Home Read Classic Album Review: Starsailor | Silence is Easy

Classic Album Review: Starsailor | Silence is Easy

Phil Spector helps the mopey Britpopsters deliver a pretty killer album.

This came out in 2004 – or at least that’s when I got it. Here’s what I said about it back then (with some minor editing):


Most bands would kill to come up with a new way to hype their sophomore album. Mopey Britpoppers Starsailor didn’t have to go quite that far; they just hired Phil Spector instead.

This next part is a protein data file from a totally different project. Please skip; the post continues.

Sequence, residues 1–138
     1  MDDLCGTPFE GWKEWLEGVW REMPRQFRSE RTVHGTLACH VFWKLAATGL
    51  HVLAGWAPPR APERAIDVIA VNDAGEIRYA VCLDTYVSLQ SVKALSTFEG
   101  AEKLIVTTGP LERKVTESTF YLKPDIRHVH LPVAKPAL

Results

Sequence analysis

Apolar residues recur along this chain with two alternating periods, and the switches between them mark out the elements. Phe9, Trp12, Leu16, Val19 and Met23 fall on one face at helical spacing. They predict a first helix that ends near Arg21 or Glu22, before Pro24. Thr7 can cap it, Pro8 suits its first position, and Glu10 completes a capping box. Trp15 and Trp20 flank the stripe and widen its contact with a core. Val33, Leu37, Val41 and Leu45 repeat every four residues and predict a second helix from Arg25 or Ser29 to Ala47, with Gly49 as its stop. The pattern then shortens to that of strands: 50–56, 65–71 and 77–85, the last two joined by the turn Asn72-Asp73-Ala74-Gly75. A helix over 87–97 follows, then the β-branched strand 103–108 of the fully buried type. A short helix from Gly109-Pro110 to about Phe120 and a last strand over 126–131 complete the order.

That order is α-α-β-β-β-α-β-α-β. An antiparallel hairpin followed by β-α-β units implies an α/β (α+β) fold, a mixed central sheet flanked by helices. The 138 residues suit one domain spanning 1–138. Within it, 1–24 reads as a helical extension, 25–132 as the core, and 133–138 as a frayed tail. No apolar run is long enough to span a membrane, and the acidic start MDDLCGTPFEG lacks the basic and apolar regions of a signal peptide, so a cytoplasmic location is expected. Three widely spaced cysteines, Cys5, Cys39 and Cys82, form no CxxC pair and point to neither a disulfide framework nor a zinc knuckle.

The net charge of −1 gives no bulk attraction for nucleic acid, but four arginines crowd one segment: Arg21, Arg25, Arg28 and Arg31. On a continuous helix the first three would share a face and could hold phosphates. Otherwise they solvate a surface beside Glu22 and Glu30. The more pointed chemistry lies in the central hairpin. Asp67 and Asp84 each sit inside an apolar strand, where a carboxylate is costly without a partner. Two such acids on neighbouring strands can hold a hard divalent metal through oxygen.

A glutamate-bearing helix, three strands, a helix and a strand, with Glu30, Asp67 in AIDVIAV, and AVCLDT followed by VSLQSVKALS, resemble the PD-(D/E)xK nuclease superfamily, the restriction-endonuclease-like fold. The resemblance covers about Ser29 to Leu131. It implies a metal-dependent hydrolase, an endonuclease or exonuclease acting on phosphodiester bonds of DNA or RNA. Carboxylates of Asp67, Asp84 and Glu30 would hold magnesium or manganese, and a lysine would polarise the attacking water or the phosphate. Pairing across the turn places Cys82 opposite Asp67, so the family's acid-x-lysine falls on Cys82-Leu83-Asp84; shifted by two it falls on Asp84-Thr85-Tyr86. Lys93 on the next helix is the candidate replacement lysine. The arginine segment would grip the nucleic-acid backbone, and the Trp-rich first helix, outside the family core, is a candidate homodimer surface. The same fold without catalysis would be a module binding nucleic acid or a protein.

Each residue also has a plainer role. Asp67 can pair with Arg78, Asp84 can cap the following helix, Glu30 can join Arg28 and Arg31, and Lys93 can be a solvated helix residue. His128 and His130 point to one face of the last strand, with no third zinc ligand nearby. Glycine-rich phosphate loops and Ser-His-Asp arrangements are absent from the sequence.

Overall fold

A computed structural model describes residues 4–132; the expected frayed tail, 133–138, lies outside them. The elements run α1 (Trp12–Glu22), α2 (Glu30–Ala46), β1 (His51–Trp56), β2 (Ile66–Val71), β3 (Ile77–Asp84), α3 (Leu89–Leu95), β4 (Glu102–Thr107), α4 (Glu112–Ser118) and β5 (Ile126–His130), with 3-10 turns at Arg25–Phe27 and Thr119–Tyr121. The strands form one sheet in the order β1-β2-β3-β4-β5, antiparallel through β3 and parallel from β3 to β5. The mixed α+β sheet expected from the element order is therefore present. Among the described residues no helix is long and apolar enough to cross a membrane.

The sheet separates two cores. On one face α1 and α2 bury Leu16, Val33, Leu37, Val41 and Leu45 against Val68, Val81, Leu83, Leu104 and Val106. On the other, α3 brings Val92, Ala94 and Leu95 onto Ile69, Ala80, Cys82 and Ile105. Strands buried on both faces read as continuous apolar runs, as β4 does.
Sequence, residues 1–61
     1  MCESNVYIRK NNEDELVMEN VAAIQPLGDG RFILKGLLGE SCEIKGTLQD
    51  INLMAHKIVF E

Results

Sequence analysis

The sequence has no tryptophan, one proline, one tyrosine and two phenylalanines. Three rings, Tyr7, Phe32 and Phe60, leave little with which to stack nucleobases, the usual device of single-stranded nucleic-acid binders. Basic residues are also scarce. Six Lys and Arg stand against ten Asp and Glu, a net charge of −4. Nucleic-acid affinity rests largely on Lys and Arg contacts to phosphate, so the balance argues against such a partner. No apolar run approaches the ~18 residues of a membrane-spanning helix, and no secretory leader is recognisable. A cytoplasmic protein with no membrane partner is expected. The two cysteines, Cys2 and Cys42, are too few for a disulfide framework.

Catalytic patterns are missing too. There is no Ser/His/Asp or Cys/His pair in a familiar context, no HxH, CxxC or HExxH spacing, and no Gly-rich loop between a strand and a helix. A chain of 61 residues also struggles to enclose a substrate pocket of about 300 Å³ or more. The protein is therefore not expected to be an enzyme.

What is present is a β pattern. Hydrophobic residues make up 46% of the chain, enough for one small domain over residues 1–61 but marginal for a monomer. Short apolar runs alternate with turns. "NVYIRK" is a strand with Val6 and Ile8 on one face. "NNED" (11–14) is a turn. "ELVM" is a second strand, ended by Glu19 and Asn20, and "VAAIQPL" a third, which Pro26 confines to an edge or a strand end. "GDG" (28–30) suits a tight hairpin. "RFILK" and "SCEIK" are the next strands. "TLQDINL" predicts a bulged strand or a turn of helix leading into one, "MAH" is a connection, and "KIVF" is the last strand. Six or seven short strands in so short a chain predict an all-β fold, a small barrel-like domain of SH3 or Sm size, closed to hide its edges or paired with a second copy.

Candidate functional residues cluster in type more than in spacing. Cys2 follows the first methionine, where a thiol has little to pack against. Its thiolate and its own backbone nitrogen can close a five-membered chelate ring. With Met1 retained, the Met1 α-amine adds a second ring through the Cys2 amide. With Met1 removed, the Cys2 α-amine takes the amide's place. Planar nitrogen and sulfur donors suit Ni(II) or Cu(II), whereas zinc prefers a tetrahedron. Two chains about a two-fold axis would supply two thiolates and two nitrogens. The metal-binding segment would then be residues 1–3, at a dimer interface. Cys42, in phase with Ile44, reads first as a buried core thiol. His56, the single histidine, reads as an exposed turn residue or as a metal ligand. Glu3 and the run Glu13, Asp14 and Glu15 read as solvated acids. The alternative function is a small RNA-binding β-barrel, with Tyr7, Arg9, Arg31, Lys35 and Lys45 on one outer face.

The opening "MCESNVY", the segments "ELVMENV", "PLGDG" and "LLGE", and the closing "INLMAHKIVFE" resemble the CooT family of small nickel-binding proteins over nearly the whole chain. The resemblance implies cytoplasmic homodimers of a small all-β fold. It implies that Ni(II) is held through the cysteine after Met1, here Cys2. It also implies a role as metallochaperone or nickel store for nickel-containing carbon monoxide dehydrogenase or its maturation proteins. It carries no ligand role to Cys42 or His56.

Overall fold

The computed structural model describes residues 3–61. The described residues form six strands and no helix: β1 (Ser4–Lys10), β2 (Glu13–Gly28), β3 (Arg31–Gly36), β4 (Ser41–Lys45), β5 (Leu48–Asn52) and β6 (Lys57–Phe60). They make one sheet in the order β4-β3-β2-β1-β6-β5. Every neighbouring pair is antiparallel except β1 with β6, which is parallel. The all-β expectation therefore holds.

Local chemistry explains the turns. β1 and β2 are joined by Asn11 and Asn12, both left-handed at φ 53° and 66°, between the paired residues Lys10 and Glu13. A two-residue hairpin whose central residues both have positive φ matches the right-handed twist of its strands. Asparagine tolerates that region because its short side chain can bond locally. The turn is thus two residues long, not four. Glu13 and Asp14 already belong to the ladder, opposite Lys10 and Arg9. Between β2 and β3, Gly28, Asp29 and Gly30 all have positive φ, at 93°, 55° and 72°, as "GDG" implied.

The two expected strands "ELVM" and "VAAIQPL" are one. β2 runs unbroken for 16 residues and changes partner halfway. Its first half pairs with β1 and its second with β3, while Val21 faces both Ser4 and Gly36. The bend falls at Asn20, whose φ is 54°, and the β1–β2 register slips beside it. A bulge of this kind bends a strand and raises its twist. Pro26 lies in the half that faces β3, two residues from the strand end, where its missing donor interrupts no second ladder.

The eccentric musical genius — currently charged with the shooting death of an actress in the foyer of his Los Angeles mansion last year — produced two cuts on Silence Is Easy, which oughta sell at least a few copies to the morbidly curious. And they’ll get their money’s worth: Spector builds his typically impressive Wall of Sound to bolster the mid-tempo piano-pumper title cut, and surrounds the mournful Going to California-style ballad White Dove with feathery strings and gliding orchestration. What may be even more impressive, though, is that Spector’s cuts may not even be the high points of the disc. In terms of production and melodic richness, they certainly face stiff competition from cuts like the vibrant and choppy Music Was Saved, the lulling melancholy of Shark Food, the sophisticated orch-pop of Bring My Love and the soul-tinged Four To The Floor. So even without Spector’s sensational presence, Silence is often pretty close to golden.